The Freeloader Classic is a stylish and eco-friendly way to charge your iPad 2, iPod, smartphone, e-reader or other mobile device by harnessing the sun’s rays. Encased in a sleek silver chassis, it’s around the size of a large mobile phone.
To get things working, the base of the unit must be detached, split into two solar panels and reattached at either side of the main hub. Simply leave the thing in the sun and from here you’ll be able to benefit from an alleged 18 hours of extra time on an iPod/iPhone, 44 hours of standby on a smartphone, two and a half hours on a PSP or DS, or two hours on an iPad.
The Freeloader Classic is compatible with a wide range of devices, and comes supplied with a nice selection of ‘generic’ charging attachments. These include mini- and micro-USB, a 4mm straight-jack for PSPs, TomTom devices and eBook readers; the DS Lite; and a range of phones on offer from Nokia, Sony Ericsson, Samsung and LG. If your particular device isn’t compatible with any of these, chances are you’ll find an attachment available from the website (prices start at £3.99). To boost flexibility even further the base unit sports a standard USB port for those devices that can be charged via this connection.
The Freeloader Classic is obviously intended to be able to charge a device by capturing energy from the sun – but since it can be charged via USB too, it also acts as a portable power pack. This is a good thing, because given the climate in the UK it’s going to take some time to get the Classic juiced up enough to prove useful.
This was confirmed in our tests – during a particularly sunny day in March, we left it on a sun-kissed windowsill for 12 daylight hours and noted one bar’s worth of charge by the end of the day – that’s between 10 and 25 per cent of capacity, according to the manual. SolarTechnology claims that the Freeloader can be fully charged via the sun in as little as eight hours in optimum conditions.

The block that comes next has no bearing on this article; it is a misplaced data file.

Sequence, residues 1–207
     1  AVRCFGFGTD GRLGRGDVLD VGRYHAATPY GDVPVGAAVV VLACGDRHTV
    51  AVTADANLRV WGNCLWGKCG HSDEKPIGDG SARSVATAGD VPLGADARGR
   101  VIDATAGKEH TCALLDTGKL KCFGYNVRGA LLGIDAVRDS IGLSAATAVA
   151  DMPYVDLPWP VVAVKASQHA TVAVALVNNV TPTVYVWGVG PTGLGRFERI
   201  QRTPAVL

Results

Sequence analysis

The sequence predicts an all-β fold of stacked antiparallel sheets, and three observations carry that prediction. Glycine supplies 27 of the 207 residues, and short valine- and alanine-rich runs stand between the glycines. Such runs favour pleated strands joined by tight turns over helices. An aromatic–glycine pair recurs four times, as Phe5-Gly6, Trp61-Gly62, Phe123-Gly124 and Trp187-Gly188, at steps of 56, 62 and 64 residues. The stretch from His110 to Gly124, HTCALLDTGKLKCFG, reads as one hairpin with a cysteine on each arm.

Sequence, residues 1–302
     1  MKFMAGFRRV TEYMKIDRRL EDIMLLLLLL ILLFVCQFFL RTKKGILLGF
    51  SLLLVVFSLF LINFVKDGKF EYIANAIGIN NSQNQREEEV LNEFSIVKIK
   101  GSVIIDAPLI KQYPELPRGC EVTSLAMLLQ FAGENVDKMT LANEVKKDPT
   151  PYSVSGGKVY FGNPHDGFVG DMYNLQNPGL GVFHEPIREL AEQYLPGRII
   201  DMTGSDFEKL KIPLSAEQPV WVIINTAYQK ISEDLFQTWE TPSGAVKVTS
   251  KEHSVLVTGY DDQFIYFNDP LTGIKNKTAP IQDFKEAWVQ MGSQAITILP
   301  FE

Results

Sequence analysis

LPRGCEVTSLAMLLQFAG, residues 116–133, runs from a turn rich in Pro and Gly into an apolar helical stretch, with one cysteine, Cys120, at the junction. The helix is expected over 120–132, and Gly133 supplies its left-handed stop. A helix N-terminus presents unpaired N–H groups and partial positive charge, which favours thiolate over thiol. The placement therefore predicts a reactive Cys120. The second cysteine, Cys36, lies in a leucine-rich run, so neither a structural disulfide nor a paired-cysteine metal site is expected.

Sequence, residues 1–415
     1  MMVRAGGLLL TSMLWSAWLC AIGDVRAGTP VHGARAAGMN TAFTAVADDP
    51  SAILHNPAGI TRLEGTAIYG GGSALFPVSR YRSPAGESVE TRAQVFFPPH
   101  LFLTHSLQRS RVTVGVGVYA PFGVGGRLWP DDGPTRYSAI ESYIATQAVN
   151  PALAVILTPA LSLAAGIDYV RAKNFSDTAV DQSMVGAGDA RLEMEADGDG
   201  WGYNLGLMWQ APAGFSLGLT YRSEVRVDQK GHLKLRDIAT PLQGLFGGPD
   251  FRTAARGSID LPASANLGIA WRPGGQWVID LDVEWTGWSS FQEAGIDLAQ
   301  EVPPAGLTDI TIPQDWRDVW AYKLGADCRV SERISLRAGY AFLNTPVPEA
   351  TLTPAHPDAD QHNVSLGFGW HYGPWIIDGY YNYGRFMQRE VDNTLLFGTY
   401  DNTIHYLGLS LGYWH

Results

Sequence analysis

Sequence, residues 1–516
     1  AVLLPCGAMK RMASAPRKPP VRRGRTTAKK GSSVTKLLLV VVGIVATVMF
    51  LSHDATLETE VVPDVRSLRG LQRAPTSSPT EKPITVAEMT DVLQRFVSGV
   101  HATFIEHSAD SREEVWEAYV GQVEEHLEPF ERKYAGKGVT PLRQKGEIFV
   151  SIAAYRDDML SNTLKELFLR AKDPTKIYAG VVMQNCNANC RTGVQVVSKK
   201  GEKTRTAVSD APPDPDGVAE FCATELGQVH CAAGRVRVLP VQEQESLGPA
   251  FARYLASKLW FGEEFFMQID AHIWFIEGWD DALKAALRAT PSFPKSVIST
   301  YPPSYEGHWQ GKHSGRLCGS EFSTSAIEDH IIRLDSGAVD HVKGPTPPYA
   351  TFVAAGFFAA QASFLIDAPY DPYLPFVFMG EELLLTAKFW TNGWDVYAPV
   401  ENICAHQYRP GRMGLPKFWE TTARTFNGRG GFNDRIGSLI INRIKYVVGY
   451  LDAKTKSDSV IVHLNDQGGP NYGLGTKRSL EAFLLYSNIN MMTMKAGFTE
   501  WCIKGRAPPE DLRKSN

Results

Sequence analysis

It should be emphasised that the gadget-related figures quoted above are reliant on a full charge of the internal 1000mAh battery (which allegedly holds power for up to three months). The rather meagre amount we gathered in a day juiced up an HTC Desire by around 8 per cent (according to the phone’s own battery indicator), or around 27 hours of standby time (30 minutes of talk time) going by the official figures. We actually got just over 10 minutes on the phone from the resultant charge.
It’s also worth considering that the Freeloader Classic – as stylish as it is – isn’t particularly rugged. The solar ‘arms’ can be snapped off the hub fairly easily, which means it really needs to be in a stable position on a windowsill or flat surface, as opposed to rivals that can be hooked up via a karabiner to a backpack or bag to charge when trekking around in sunny environments.
As it stands – and particularly for those who are considering a purchase for use in the English climate – it’s really limited to emergencies without backup charging via USB.
Contact: 01684 774000
- Stylish design and a nice idea.
- Doesn't appear suited to British weather; a bit flimsy.
The Freeloader Classic is a good-looking device and is flexible out of the box in terms of the number of devices it can support. It's not particularly rugged however, and if relying on its ability to collect the sun, would only really be suitable for a quick boost - certainly in the English climate.
Though there are significant discounts available online already, we still think the retail price is a little too high considering more practical alternatives available elsewhere.